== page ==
One thing I know is you don't stand in the doorway of an elementary school where the bells have just rung for recess.
Bells are easy. (Remember the expression, "You can't unring a bell?")
But recesses in legislative sessions, well, they're a little more interesting.
Last year the DC Circuit Court of Appeals invalidated a number of so-called "recess appointments" to the National Labor Relations Board by President Obama. The opinion in Canning v. NLRB is here.
Canning stems from a time when President Obama took advantage of a dysfunctional Senatorial calendar, where the leadership and minority were playing all kinds of calendar games under a "unanimous consent agreement."
Let's see how the D.C. Circuit Court of Appeals described it:
[T]he Senate would meet in pro forma sessions every three business days from December 20, 2011, through January 23, 2012. The agreement stated that "no business [would be] conducted" during those sessions. During the December 23 pro forma session, the Senate overrode its prior agreement by unanimous consent and passed a temporary extension to the payroll tax. During the January 3 pro forma session, the Senate acted to convene the second session of the 112th Congress and to fulfill its constitutional duty to meet on January 3.
The President's power to make recess appointments is found in the United States Constitution in Article II, Section 2, clause 3, which reads:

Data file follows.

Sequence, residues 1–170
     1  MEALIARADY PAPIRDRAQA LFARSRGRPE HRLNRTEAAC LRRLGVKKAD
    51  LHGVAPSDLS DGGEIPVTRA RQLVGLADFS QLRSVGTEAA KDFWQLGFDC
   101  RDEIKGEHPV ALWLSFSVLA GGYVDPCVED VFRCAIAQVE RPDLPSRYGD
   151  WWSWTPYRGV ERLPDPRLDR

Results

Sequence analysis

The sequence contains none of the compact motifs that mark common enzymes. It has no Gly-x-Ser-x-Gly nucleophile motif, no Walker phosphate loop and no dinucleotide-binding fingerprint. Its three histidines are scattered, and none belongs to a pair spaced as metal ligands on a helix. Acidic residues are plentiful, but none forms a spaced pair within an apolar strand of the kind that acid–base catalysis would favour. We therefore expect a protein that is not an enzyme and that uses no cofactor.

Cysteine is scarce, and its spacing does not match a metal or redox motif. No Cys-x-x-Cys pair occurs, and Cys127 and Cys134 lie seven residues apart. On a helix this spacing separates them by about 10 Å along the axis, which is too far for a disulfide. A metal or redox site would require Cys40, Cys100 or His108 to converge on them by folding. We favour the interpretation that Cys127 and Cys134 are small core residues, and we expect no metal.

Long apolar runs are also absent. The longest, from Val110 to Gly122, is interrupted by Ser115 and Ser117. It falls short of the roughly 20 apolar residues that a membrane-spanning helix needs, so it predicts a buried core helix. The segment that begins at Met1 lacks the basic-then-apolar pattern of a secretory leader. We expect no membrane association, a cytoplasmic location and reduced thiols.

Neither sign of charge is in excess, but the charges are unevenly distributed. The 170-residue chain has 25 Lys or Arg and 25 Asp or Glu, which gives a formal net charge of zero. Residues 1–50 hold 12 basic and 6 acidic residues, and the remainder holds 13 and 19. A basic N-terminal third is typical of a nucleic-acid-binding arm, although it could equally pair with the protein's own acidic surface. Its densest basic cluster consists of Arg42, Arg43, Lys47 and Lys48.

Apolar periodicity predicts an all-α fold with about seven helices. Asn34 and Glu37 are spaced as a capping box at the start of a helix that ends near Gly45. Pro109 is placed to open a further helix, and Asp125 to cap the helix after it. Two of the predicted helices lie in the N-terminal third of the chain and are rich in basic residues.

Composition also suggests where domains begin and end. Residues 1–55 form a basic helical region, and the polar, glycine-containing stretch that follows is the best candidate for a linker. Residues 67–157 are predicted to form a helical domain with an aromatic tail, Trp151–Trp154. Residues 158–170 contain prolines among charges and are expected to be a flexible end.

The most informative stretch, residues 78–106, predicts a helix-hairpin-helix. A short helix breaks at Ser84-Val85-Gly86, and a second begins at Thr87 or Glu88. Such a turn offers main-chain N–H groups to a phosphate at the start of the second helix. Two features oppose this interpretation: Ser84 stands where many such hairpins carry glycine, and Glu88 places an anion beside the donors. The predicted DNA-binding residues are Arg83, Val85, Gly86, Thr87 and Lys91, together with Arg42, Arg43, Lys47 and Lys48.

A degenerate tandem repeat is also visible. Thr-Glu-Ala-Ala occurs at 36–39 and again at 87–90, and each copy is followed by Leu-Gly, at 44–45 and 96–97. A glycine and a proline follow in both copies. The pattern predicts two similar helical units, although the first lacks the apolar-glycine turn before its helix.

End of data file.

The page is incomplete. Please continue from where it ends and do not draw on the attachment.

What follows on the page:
The President shall have Power to fill up all Vacancies that may happen during the Recess of the Senate, by granting Commissions which shall expire at the End of their next Session.
The D.C. Circuit held that recess means "at the end of a session," and not "intrasession," and invalidated the President's appointments (thereby resulting in the NLRB not having a quorum with which to make precedential decisions, including the decision from which Canning appealed to the Supreme Court.)
Canning was argued today before the United States Supreme Court. During oral argument, as reported in more detail here and with even better analysis here, the Supreme Court justices expressed almost universal suspicion for the administration's maneuver.
While the decision could ultimately clarify what a recess appointment is, the specific issue is moot because President Obama has subsequently appointed five new NLRB members, all of whom were confirmed by the Senate on July 29, 2013.